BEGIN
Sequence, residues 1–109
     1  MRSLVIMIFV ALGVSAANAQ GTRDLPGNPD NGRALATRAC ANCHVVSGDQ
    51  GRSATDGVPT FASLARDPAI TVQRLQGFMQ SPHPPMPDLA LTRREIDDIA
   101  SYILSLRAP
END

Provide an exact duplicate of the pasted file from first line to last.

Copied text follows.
Sequence, residues 1–109
     1  MRSLVIMIFV ALGVSAANAQ GTRDLPGNPD NGRALATRAC ANCHVVSGDQ
    51  GRSATDGVPT FASLARDPAI TVQRLQGFMQ SPHPPMPDLA LTRREIDDIA
   101  SYILSLRAP